Nedergaard’s recent work examines how certain patterns of neuronal signaling and activity; support cells in the brain called astrocytes; and the smooth muscle cells that control blood flow in the brain all work together to turn the glymphatic system on and off.
Missy Pfohl Smith joins New York State DanceForce
Missy Pfohl Smith, director of the undergraduate dance and movement program and the Institute for Performing Arts, was recently named as a member of the New York State DanceForce, a consortium of dance activists committed to increasing the quantity and quality of dance activity throughout New York State. Each volunteer member receives annual funding to create projects that bring dance artists to upstate New York communities in customized residencies.
Pfohl Smith is a choreographer, performer, and collaborative artist who founded and serves as artistic director for BIODANCE, a contemporary repertory company. As a faculty member, she has been instrumental in securing grant funding and bringing guest artists to the University. Under her leadership, the dance and movement program has developed a bachelor’s degree in dance (with concentrations in creative expression and performance or in dance studies), a dance minor, and a movement studies minor, as well as new academic clusters and interdisciplinary collaborations across campus.
M. Patricia Rivera and Margaret-Ann Carno appointed to leadership roles with the American Thoracic Society
M. Patricia Rivera, a noted lung cancer specialist who serves in many leadership roles at the University of Rochester Medical Center and Wilmot Cancer Institute, is the new president of the American Thoracic Society (ATS) for 2023–24. Rivera is the first Latino woman and the first University faculty member to lead the large, international organization—the world’s leading medical society dedicated to advancing respiratory health.
At ATS, Rivera will be able to collaborate with Margaret-Ann Carno, a professor of clinical nursing with the School of Nursing, who has been elected as chair of the Nursing Assembly for ATS. Carno is a pediatric nurse practitioner for Pediatric Sleep Medicine Services at Golisano Children’s Hospital and is one of only a few PhD-prepared nurses to be board-certified by the American Board of Sleep Medicine.
Lainie Ross receives honorary doctorate of humanities
Lainie Ross, the chair of health humanities and bioethics, received the honorary degree during the May 12 commencement ceremony at Oakland University in Rochester, Michigan. Ross is internationally recognized for her work in the field.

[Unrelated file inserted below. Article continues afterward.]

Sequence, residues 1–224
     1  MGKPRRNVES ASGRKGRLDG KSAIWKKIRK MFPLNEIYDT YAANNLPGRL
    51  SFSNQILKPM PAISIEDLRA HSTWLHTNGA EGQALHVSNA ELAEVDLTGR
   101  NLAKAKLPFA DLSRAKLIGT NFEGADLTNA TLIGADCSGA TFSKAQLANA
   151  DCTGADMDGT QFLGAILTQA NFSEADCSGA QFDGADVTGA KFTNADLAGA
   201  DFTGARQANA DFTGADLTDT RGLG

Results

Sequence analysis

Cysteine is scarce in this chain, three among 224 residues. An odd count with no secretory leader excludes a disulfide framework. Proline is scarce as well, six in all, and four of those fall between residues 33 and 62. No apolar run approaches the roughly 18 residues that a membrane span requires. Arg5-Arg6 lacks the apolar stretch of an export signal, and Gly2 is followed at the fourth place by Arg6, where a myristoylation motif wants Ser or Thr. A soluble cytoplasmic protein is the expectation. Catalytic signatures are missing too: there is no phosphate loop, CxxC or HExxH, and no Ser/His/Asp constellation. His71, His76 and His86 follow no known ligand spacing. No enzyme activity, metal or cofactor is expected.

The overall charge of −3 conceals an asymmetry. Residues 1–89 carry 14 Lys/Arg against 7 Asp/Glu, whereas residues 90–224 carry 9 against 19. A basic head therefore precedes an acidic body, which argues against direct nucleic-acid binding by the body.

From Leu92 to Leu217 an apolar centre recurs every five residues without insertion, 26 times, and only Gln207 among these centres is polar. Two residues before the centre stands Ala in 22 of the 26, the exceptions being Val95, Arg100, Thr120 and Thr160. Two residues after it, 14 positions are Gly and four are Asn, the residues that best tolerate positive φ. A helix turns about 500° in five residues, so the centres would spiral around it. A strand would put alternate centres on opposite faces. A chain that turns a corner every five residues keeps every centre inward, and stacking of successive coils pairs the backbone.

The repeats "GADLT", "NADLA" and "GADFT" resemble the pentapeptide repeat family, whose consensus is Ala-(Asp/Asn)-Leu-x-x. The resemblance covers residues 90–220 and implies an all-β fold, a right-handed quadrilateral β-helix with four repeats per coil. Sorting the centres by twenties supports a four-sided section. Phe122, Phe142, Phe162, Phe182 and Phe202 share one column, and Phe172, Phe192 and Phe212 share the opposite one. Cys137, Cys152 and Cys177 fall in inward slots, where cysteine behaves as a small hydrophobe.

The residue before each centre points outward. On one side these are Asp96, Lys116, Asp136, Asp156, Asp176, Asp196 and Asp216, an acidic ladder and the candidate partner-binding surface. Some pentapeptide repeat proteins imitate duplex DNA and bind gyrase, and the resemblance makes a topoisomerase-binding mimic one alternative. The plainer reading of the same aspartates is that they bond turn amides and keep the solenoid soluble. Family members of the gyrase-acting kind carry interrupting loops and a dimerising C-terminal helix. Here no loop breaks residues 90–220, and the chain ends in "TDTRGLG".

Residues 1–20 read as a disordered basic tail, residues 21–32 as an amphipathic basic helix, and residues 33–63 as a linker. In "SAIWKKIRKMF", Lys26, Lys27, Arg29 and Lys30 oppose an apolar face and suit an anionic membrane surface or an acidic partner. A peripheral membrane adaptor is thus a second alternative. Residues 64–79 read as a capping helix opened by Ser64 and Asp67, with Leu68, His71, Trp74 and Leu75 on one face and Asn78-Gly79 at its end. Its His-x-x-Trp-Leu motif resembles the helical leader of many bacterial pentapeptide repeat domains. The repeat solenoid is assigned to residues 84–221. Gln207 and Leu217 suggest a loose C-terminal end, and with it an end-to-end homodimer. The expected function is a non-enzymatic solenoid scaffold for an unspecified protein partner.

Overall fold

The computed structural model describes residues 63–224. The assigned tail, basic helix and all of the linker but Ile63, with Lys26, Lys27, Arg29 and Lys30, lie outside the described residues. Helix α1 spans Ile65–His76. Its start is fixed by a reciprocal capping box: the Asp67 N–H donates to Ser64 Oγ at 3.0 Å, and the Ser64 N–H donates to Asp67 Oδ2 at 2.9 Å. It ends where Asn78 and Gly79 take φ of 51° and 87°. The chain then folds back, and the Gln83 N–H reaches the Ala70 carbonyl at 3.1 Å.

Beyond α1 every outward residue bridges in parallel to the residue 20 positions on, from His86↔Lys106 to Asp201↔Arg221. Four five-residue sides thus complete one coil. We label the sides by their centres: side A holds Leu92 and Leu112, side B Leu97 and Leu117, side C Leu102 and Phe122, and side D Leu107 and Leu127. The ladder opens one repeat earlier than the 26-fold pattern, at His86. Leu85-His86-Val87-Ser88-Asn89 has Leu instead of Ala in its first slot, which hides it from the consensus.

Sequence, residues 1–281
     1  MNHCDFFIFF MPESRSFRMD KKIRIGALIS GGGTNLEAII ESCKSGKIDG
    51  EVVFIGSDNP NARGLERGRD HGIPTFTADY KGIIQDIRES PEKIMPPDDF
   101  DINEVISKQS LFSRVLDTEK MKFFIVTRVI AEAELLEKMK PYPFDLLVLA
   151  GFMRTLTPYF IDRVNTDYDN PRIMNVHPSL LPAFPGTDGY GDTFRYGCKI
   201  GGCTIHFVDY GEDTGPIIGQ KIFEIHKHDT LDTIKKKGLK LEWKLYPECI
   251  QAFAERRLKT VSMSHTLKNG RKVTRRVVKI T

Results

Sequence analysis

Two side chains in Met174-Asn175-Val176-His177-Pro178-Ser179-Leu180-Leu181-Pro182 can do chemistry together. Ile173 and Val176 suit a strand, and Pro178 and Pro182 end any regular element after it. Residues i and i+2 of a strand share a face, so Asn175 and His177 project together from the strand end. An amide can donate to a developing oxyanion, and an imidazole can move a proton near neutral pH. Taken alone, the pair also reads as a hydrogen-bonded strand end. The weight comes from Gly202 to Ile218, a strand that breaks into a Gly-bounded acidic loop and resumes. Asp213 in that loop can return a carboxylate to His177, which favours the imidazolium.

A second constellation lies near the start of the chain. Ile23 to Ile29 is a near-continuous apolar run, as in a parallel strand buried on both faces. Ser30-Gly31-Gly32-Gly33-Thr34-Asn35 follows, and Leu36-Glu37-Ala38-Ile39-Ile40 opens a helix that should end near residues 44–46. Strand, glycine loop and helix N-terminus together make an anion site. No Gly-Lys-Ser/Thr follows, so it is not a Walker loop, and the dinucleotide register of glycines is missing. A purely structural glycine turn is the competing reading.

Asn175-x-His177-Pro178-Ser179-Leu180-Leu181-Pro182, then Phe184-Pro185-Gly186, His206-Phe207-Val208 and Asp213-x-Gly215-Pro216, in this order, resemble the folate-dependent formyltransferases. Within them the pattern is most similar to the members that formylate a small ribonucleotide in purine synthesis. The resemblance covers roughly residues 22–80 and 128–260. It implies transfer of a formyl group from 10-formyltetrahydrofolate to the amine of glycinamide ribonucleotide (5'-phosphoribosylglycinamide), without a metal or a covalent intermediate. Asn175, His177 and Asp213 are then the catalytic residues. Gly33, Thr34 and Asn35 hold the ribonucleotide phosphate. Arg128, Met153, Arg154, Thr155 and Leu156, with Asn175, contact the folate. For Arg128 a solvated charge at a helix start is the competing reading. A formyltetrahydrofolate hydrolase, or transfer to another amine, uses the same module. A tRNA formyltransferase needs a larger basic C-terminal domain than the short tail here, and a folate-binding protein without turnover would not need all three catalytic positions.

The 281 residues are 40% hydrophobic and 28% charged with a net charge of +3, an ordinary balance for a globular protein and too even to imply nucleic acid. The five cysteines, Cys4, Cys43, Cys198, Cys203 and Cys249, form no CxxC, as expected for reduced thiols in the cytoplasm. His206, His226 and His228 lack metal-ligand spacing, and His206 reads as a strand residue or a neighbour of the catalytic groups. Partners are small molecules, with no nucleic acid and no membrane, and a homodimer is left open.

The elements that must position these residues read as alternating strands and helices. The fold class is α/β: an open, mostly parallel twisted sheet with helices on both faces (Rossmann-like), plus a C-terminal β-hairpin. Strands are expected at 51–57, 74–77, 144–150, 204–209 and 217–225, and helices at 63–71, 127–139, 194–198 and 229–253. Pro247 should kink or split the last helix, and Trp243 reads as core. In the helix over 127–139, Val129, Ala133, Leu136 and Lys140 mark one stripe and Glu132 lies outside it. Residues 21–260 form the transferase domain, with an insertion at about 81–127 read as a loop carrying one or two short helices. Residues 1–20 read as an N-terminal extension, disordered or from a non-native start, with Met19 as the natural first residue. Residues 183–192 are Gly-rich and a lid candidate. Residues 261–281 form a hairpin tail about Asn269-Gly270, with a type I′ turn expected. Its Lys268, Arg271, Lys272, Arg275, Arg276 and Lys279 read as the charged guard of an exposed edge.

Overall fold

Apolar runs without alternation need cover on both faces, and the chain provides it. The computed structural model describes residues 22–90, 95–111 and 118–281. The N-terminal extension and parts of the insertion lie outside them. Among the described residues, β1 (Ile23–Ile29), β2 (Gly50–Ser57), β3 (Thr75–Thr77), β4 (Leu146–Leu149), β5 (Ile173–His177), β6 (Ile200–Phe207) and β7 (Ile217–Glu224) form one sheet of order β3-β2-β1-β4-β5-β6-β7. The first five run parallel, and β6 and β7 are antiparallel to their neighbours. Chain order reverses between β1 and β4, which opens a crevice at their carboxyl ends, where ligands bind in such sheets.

Ross’s core areas of expertise include ethical and policy issues in pediatrics, clinical decision making, death and organ transplantation, genetics/genomics, clinical research ethics, and human subject protections. She has published five books, more than 225 peer-reviewed journal articles and book chapters, and is currently writing a sixth book examining ethical issues related to siblings in health care.
Judith Smetana receives Jean Piaget Society award
Judith Smetana, a professor in the Department of Psychology, has been recognized with the Award for Distinguished Contribution to Developmental Science from the Jean Piaget Society.
Established in 1970, the society—named in honor of Swiss developmentalist Piaget—has an international, interdisciplinary membership of scholars, teachers, and researchers who are exploring the nature of the developmental construction of human knowledge.
Smetana, who joined the Rochester faculty in 1979, is an expert in the development of children’s moral and social knowledge, teen–parent relationships, and parenting beliefs and practices.
“She taught us that the roots of parent-adolescent conflict inhere not in what parents and teenagers disagree about, but in how they frame the issues,” wrote one of Smetana’s peer nominators for the award. “By extending this work to diverse populations and reaching similar conclusions, Judi has demonstrated something that is fundamental to the very nature of adolescence.”
The author of Adolescents, Families, and Social Development: How Teens Construct Their Worlds (Wiley-Blackwell, 2010) and the coeditor of three editions of the Handbook of Moral Development (Routledge, 2023) and more than 200 articles, Smetana has served as the editor of the academic journal Child Development Perspectives from 2018 to 2023. She is a fellow of both the American Psychological Association (2016) and the Association for Psychological Science (2007).